Combat is a bit stiff but this is the case with many side scrolling brawlers. As you slog your way through hordes of classic D&D beasts, you'll have to make every swing count. Charging into an encounter can quickly knock you out -- often you'll get in trapped between to creatures relentlessly beating you to a pulp. Connecting with enemies can be a little squirrelly, but as you get used to your character's movement you'll soon overthrow the most fearsome of baddies. Swinging wildly won't get you far: instead, you'll have to move and attack deliberately while choosing the right moments to use single use items like fireballs and daggers.

dungeons-and-dragons-chronicles-of-mystara-3

Even on the easiest setting, "Tower of Doom" and "Shadow over Mystara" are quarter chompers and you'll be using plenty of continues. Fortunately, you have infinite continues so you'll eventually be able to brute-force your way to the end. Bring a few friends if you can and you'll have a better time than simply straining through the game by yourself.

Watch: Dungeons and Dragons: Chronicles of Mystara Launch Trailer

Your character also strongly dictates how you'll play. Each character has their strengths and weaknesses. For instance Fighter has a ton of health and can break enemies apart but can't use magic. On the other hand, Cleric has some recovery abilities but doesn't have a powerful melee. "Shadow over Mystara" includes two extra characters -- a magician and thief -- but the main thing to remember when playing with friends is to create a balanced party of heavy hitters and support. Finally, "Shadow" improves the combat by including "Street Fighter" button combos that deals lots of damage and can quickly get you out of a jam.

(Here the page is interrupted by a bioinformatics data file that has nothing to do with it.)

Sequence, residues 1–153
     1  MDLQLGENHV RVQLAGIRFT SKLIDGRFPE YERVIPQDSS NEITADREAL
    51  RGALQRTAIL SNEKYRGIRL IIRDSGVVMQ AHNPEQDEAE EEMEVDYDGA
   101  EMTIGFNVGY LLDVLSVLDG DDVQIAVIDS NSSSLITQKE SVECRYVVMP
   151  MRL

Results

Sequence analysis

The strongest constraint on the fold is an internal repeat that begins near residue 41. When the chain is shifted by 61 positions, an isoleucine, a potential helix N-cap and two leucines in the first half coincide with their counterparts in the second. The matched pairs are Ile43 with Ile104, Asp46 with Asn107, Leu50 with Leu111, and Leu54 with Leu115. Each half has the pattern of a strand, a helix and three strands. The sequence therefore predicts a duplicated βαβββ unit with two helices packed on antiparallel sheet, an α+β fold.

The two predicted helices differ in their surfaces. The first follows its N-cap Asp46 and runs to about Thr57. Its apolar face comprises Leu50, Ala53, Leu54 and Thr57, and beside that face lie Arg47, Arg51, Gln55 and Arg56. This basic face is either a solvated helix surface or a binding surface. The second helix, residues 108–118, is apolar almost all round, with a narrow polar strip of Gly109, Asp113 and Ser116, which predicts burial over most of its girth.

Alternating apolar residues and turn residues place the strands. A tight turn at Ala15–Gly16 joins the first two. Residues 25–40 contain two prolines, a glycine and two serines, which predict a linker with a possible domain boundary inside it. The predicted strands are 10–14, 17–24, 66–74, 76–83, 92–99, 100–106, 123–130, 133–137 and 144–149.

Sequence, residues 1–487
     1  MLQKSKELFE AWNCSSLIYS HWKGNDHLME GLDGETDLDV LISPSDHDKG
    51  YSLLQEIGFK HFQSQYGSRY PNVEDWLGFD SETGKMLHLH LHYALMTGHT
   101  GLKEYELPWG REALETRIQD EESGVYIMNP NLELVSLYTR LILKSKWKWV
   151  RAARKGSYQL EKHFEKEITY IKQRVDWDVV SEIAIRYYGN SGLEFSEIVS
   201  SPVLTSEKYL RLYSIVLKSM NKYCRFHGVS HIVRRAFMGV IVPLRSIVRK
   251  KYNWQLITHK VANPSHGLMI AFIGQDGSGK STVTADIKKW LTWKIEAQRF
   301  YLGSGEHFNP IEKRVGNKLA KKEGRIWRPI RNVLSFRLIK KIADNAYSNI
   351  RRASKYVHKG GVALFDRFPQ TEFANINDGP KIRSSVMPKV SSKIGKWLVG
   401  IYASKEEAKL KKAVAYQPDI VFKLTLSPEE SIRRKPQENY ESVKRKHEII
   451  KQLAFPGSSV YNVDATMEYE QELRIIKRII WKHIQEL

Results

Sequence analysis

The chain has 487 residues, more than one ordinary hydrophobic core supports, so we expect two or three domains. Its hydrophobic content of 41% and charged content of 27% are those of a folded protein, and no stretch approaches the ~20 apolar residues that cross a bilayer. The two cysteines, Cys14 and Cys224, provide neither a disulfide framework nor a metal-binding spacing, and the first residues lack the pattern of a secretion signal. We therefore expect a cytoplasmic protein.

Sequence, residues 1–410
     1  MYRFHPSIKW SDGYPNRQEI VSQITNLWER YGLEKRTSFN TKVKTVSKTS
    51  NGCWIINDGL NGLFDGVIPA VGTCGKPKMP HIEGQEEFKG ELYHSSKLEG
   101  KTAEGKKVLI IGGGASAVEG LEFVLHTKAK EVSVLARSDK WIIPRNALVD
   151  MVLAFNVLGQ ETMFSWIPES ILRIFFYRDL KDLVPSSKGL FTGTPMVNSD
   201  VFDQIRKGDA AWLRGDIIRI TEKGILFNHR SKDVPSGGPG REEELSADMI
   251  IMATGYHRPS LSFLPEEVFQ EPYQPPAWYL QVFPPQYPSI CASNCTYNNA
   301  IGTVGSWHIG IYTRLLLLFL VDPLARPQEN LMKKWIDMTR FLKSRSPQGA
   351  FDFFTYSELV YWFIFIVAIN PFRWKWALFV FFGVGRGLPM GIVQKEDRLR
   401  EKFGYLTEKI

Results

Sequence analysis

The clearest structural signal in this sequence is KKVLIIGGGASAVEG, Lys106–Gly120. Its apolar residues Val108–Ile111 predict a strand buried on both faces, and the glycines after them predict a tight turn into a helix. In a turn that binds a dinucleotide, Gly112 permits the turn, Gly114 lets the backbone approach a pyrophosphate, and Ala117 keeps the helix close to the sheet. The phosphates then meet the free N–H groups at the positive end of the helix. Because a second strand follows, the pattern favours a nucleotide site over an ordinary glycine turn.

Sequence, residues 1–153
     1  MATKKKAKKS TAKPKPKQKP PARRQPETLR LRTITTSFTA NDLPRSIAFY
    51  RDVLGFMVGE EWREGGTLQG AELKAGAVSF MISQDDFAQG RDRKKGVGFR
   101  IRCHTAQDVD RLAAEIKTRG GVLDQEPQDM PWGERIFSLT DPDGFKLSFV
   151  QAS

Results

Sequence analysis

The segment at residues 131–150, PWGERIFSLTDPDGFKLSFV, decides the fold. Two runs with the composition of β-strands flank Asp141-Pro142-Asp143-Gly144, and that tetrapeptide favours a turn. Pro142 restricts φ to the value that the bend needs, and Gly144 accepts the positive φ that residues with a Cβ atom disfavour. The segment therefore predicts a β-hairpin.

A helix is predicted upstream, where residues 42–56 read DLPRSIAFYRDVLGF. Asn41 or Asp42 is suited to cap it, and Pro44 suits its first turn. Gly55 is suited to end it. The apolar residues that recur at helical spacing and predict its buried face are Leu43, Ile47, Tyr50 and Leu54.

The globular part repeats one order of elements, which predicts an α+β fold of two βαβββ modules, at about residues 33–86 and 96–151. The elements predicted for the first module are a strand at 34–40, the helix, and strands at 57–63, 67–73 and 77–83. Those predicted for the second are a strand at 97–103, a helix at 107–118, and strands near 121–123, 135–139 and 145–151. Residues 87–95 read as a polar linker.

Just like any RPG, your character will level up between missions. It's automatic, though, so don't expect to min/max. However, you will find items and gear you can equip if you're quick on the grab. Everything from magical gauntlets that increase your attacks to speed boots can be found in chests or dropped by bosses. You can also purchase disposable items at shops so that you're always prepared for the worst.